Published Online: May 21, 2013

Teaching Secrets: Learning From Parents

Not every parent-teacher relationship is perfect. But giving parents a chance to be heard makes a big difference in my ability to successfully teach and support their children. I am still learning how to build those bridges—and in the process I’ve found some strategies that work.

Parent Surveys

Inspired by a colleague, I developed a survey and shared it with parents at the end of the first and third grading periods this year. The one-page survey asked parents to rate their level of agreement with statements about specific aspects of my teaching. Open-ended questions at the end gave parents the chance to share additional insights.

These were one parent’s responses:

STRENGTHS: Meeting with and getting to know families, caring and compassionate for individual child’s situations and/or special needs.

AREAS FOR IMPROVEMENT: Helping other teachers understand IEP students’ particular needs and/or shortcomings—don’t know how much of this you already do.

I learned a great deal from these surveys, especially from asking if there was "anything else you want for me to know." I found out some information that I may not have learned if parents weren’t given a chance to communicate.

It takes some "stretch" to open yourself up to parent perspectives—but it’s worthwhile. I love to hear the positive feedback, but the constructive criticism is even more valuable. You can start right now with an end-of-year survey for your current students’ parents, and plan for more regular check-ins during the next school year.

Home Visits Before School Starts

Another strategy that has helped me is visiting students’ homes before school starts. I have found that if I wait until after school begins to connect with parents, there’s a greater chance of persistent difficulties or misunderstandings. For example, if a child behaves inappropriately during the first week of school, my first interaction with his or her parents is likely going to be awkward, because it’s prompted by something negative about their child. Meeting before school starts gives me a chance to focus on the students’ and their families’ personalities and interests. I get to connect with them on a positive level first.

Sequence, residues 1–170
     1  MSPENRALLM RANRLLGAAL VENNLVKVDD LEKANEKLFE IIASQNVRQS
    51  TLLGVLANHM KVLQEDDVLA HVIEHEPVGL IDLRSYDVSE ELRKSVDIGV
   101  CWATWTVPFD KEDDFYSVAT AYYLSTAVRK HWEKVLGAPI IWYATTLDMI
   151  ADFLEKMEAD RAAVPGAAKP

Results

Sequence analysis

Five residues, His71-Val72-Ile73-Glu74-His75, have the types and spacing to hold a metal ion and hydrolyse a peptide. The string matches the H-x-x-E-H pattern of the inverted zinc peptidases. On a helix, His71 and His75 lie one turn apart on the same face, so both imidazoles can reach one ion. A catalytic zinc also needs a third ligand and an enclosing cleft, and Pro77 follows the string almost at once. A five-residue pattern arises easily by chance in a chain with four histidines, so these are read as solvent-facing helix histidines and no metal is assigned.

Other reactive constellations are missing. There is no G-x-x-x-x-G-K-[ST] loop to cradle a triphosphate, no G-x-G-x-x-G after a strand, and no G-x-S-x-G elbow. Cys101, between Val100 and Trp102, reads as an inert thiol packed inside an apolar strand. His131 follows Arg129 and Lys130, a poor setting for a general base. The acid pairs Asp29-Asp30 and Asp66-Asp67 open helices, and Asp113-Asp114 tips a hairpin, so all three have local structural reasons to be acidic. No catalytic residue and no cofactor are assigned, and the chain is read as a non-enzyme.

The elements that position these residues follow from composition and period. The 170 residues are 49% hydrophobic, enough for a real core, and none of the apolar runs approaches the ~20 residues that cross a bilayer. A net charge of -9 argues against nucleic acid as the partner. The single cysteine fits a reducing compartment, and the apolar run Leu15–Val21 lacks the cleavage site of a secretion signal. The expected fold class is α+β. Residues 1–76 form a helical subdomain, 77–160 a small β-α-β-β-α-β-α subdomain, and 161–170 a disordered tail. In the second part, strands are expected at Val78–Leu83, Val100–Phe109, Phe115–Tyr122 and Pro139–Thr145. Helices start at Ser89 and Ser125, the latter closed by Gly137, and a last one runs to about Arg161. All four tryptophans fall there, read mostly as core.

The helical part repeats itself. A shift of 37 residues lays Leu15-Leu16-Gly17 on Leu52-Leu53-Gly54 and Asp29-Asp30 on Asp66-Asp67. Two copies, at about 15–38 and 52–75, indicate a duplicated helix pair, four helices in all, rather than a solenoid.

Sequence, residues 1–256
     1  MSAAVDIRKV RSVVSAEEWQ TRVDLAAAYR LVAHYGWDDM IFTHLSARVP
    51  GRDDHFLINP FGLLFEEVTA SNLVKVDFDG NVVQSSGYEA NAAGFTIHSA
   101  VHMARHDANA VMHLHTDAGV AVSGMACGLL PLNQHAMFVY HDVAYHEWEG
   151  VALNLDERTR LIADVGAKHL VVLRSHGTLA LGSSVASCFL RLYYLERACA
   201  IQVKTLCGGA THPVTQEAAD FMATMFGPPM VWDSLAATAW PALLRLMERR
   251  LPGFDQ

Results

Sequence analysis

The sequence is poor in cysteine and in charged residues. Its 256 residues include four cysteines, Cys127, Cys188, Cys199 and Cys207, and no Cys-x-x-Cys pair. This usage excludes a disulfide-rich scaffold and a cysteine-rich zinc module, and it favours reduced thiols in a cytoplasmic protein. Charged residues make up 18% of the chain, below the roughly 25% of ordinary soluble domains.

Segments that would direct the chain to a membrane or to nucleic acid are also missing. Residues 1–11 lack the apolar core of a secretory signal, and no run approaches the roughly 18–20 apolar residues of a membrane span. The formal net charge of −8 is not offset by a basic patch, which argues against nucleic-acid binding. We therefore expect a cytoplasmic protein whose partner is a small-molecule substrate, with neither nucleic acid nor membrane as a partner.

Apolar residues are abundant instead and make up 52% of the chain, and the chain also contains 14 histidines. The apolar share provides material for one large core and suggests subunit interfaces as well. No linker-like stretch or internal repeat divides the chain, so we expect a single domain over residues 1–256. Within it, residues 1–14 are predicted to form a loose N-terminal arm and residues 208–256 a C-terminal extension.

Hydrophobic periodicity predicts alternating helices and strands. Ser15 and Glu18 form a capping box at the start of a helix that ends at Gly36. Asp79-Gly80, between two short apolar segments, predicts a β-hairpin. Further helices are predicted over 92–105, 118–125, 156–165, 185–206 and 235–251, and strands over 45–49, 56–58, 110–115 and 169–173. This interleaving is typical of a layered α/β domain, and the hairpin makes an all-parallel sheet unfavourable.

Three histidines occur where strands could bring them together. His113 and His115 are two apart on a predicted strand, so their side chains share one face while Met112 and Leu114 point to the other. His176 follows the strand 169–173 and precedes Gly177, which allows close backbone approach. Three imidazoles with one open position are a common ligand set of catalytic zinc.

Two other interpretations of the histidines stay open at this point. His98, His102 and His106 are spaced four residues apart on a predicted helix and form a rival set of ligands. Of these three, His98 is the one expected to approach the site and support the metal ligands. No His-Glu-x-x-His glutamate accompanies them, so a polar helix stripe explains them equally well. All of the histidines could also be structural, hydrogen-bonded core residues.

Visiting one student’s home, I found out that she had severe medical issues that required an all-day nurse to be at the school. This need had not been addressed yet by the school, so I was glad to be able to inform the school nurse and my colleagues about the situation in advance.

At another home, I learned that a student loved playing dancing games on the Xbox 360 Kinect. The student’s mom and I were able to bond while watching the student dance her heart out. This helped her mom feel more comfortable to discuss issues with me throughout the school year.

Visiting all your students’ homes before school may seem daunting—or even impossible. I am a special education teacher who only serves 10 to 15 students each year, so the task is manageable for me. You likely have more students to serve and so must prioritize. You may want to learn more about students’ previous performance and behavior, targeting some who have had difficulties in the past. If home visits are not possible, try connecting with parents by phone.

The more you can do before school begins, the easier it will be for your students and you throughout the year.

Weekly Communication

Once you have made contact with parents, maintaining ongoing communication is important as well. This year I have tried to tell my students their grades every week or two. Then they call their parents from our classroom to report these grades. This keeps parents informed and pushes students to take ownership of their grades—whether those grades are high or low.

Another idea for ongoing communication is to create a webpage for your classroom. (My district creates a webpage for each teacher, but it’s not hard to set one up on your own). I regularly update my webpage so that students’ parents can see what the upcoming week has in store. This helps them anticipate homework assignments and classroom activities. My students’ parents never have to guess what their child is up to at school.

My experience has been that when parents see that I genuinely care about their child, they support my efforts to help their child succeed. It takes time to distribute and examine parent surveys or to check in with parents at the start of school, but these efforts help me (and my students) be more effective.

Have you surveyed your students’ parents this year about your effectiveness as a teacher? It’s not too late, and you might discover a lot from their feedback.

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